Last spring, Gov. Martin O'Malley appointed Bryan Sivak as Maryland's first chief innovation officer. Sivak brought to the post his experience as chief technology officer for the District of Columbia and an entrepreneurial background as founder of a software company.
Sivak spoke with StateTech Managing Editor Amy Schurr about his goals for the state of Maryland and what he hopes to accomplish.
STATETECH: What is your role, and how does it pertain to technology?
SIVAK: I'm responsible for helping folks find new and better ways of achieving the governor's major policy goals and objectives and also their specific missions. You can boil that down to asking, "Why?" a lot.
In government, people have tended to do things in the same way for a long time primarily because there are no incentives to do otherwise. My role is to help people find those incentives or to create incentives for them to try new and different things.
Technology is obviously an aspect of trying to do things differently. But in many cases, it's secondary. Putting new technology on a bad process only gets you a faster bad process. That's a mistake that a lot of technologists make, myself included. First look at culture and
process, and work on changing those things before applying technology.
STATETECH: How do you define innovation?
SIVAK: The word is used in many different contexts these days. You hear politicians and people in government talking about innovation. They're usually referring to the innovation economy — people or organizations creating jobs in new industries or using new processes or new technologies to build or grow an economy. I think of that as big "I" innovation.
Little "i" innovation encompasses incremental developments that help accelerate existing processes or achieve outcomes faster in a linear way.
Both kinds of innovation are necessary to move the ball forward. You need incremental changes that build the foundation for the big changes to happen.
An example of big 'I' innovation would be the StateStat program the governor created for Maryland. It brings performance management techniques to government and uses them to fundamentally change the way government works by focusing on data, numbers and outcomes.
STATETECH: What are your goals for the state of Maryland?
SIVAK: If you don't set a high bar, you never achieve great things. My goal is to bake the philosophy of experimentation and challenge to the status quo into the fundamental DNA of the entire organization. Provide a mechanism for people who are career civil servants to do new and different things, be experimental and really push the envelope.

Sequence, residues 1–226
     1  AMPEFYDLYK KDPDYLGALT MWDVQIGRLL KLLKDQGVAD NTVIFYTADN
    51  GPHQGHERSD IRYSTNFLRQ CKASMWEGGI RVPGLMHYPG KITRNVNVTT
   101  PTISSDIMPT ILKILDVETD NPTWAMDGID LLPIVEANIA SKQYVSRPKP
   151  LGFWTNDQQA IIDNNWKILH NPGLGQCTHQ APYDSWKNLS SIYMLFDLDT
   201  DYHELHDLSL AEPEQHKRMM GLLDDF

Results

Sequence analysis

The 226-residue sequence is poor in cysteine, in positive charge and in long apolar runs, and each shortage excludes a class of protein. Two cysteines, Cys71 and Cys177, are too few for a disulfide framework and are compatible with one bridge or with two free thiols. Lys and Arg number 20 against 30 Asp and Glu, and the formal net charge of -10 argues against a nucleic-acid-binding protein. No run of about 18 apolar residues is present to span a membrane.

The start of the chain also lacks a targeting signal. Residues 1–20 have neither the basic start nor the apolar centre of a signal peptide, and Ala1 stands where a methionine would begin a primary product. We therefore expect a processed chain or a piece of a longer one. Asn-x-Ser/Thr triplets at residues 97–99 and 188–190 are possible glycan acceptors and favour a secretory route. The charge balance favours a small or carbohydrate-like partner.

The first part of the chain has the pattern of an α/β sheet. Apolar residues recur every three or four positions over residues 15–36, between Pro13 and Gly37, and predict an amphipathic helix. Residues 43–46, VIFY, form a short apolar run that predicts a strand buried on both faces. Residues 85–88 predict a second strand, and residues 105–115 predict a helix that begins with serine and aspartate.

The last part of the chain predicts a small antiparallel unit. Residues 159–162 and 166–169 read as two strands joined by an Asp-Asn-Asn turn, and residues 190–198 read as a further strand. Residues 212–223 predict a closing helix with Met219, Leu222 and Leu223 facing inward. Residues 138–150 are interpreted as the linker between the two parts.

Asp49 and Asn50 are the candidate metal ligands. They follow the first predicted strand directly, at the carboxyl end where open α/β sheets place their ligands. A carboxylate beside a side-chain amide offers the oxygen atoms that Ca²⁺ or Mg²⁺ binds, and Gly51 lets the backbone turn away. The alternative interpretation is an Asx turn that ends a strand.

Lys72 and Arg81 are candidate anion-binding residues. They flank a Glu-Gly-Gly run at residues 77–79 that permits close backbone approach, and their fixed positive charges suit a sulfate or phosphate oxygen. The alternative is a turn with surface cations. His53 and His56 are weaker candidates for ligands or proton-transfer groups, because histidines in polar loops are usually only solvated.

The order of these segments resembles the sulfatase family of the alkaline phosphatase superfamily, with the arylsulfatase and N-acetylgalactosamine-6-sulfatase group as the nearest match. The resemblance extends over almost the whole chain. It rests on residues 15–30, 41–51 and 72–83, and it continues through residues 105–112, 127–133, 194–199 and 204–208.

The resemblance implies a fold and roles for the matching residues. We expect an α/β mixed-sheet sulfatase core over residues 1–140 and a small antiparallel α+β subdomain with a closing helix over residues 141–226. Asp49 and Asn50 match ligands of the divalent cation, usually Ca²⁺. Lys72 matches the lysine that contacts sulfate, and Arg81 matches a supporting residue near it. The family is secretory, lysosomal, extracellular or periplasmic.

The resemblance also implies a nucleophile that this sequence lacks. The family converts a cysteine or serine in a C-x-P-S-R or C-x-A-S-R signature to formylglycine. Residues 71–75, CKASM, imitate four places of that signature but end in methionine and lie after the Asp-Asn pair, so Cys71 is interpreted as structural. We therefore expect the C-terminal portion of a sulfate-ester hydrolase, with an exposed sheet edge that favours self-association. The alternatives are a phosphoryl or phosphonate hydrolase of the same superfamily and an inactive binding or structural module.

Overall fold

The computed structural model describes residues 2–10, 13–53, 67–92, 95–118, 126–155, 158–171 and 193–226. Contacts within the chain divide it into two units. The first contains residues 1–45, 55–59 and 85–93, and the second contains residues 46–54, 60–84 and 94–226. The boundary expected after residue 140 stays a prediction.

STATETECH: So if they're going to fail, fail quickly and cheaply?
SIVAK: Yes, but more important than cheap and quick failure is validated failure. Make sure that anything you do, you learn something from. If you fail fast and cheap and don't learn anything, then it's just a waste of time and money. Learn something from your failure.
STATETECH: How do you plan to instill acceptance of risk in civil servants?
SIVAK: There aren't many political organizations that really tolerate risk. But the Maryland government is very tolerant of taking chances and doing new things. That's what gives me the ability to do the things that I do.
What I want to communicate to career civil servants is that these things are possible, at least from the perspective of the governor's office. The way to do that is to build a process or a methodology that people can follow. See how some of the successes and failures can be validated and then baked into the next set of experiments.
STATETECH: Can you cite some examples of how the state harnesses technology to improve efficiencies?
SIVAK: A good example is e-mail. We currently have 57 different e-mail platforms across the state of Maryland. We've got everything from Exchange to GroupWise to iMail. We bought Google for the entire state and have begun migrating every agency onto this cloud-based platform. There was no central directory, no way for people to collaborate on documents or centralized telecom strategy. The migration to the Google platform solved a lot of these problems.
We're starting to consolidate a lot of technology functions — things that should have been consolidated long ago: networks, telecom, data centers, web, GIS and so forth. We're starting relatively small this year with the idea and next year we can move quickly on some of the bigger consolidation efforts.
STATETECH: How is Maryland experimenting with crowdsourcing?
SIVAK: The public is a hugely valuable source of information. During Hurricane Irene, we experimented with gathering citizen input. We discovered that we have a lot of work to do to really embed this channel of information into our daily processes and procedures to get this hyper—local information to the right people.
The governor has a fantastic communications and new media manager, Zoe Pagonis, who built the governor's Facebook profile and Twitter account. She really gets the governor to engage in public dialogue. She recently held the first "tweetup" Maryland has ever hosted.
There are people or organizations out there that are interested in or experts on any one of the state's 15 major policy goals. If we can leverage those resources to help solve those problems in new and different ways, then everybody wins. And more important, we have to figure out the right way to help people plug into the organization and participate in a robust way.
Near and Far
A few other government bodies have chief innovation officers, though the role varies by jurisdiction: